In a one-time only, Performa 11 new commission, James Franco and Laurel Nakadate presented Three Performances in Search of Tennessee at the Abrons Arts Center on November 13, 2011. A loose interpretation of Williams’ famed work, The Glass Menagerie, Franco and Nakadate acted as directors and judges for the series of performers that participated in the work. Both an experiment in performance and a tribute to the renowned playwright, the work was divided into three distinct sections.
In the first section, the audience and cast alike were invited to engage in a séance for Williams. Aptly titled Séance, the meditation offered a literal tribute to Williams while trying to find practical connections between his work and the artistic endeavors of Nakadate and Franco. The spiritual medium, Betsy Cohen, noted Williams’ draw to Franco and his acting talent; Nakadate wanted to know about the first time Williams’ had his heart broken; these opening movements fused together in a contemplative fashion to establish the reverential tone of the entire work.
The second section, Women, brought a series of female performers to the stage (who, come to find out, answered a casting call on Craigslist in order to be a part of the performance) as one of the central scenes from The Glass Menagerie played on a large video screen in the background. Franco acted as the character of Jim, and each rotating female figure, entering and exiting at Nakadate’s direction, assumed the role of Laura as her lines flashed upon the screen. Sometimes unassuming, sometimes melodramatic, each female that entered the stage in the midst of this hyper-controlled theatre-karaoke, was unaware of her impromptu role in the performance (one woman even placed a candid cell phone call to her mother). Seated stage right for the entirety of the scene, Franco and Nakadate acted as directors for the inconspicuous performers. “Speak up,” “Face the audience,” and “Read your lines!” were among the exclamations they delivered as the various female performers struggled through the scenario—expected to respond, dance with, and even kiss the male lead through the video screen veil. As the scene concluded, Jim’s words seemed more apropos than ever: “Everyone excels at something… some people just excel at more things than others.”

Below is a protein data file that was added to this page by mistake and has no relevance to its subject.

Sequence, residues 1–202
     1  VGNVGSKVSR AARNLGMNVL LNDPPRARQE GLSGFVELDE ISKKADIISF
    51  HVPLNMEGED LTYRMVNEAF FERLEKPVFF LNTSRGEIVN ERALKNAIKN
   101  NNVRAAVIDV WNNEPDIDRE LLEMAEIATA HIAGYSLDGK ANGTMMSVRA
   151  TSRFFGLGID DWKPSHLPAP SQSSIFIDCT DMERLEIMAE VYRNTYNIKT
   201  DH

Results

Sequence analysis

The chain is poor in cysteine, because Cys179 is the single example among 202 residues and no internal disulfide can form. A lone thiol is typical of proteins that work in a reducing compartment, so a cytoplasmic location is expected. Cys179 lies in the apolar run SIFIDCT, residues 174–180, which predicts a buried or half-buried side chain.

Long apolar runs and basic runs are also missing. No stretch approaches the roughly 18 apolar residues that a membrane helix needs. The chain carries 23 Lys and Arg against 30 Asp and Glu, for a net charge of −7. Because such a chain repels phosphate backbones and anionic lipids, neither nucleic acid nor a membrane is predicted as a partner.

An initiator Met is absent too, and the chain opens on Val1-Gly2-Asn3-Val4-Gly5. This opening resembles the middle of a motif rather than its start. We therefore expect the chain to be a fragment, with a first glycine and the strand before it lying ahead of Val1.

“Men” was the final section of the work, highlighting a handful of male performers reciting Tom’s evocative final monologue from The Glass Menagerie. Each actor took the stage with a different motivation—some nostalgic, some mocking, some stoic, artist Kalup Linzy in drag—every performance was somehow a product of the complex melancholy that concludes Williams’ play. In a theatrical power shift, Franco and Nakadate were no longer the directors, but served at the disposal of the male performers. This was most apparent with the third male performer, Ryan McNamara, who requested that Franco and Nakadate blow on his hair to create a wind-tunnel effect while creating what he referred to as “stoic tears,” produced by Franco spitting onto his face.
Laurel Nakadate is an accomplished photographer and video artist. Her work is in many public and private collections, including the Whitney Museum of American Art and the Museum of Modern Art. A mess of power struggle, loss, and betrayal, her photographic and video art usually displays the human form in unusual situations. Approaching social displays with an unadulterated audacity, she often includes strangers and the idea of strangers in her work. Nakadate’s first feature film, STAY THE SAME NEVER CHANGE, debuted at the Sundance Film Festival in 2009. Since then, she has been nominated for a Gotham Award and an Independent Spirit Award. She currently lives and works in New York City.
James Franco is an actor, director, writer, musician, and ubiquitous performance artist; as his artist bio states, “Franco carries on the Warholian marriage of celebrity and art.” Interested in addressing his audience through varying filmic mediums, he is best known for his roles in major motion pictures, including Pineapple Express, Milk, and 127 Hours. He has been nominated for a Screen Actors Guild Award, Academy Award, and garnered a Golden Globe Award for his portrayal of James Dean in the biographical TV movie. Major exhibitions include Gagosian Gallery (NYC), Peres Projects (Berlin), and the Los Angeles Museum of Contemporary Art.
Performa 11 [Exhibition Page]
James Franco and Laurel Nakadate Rough It With Tennessee Williams [NY Times]
Is Performance Art the New Method Acting? James Franco Channels Tennessee Williams for Performa with Laurel Nakadate [Art Info]
James Franco and Laurel Nakadate Raise the Dead [Interview Magazine]
Performa 11: James Franco and Laurel Nakadate Channel Tennessee Williams [L Magazine]
James Franco tries to contact Tennessee Williams for theatre piece [Guardian]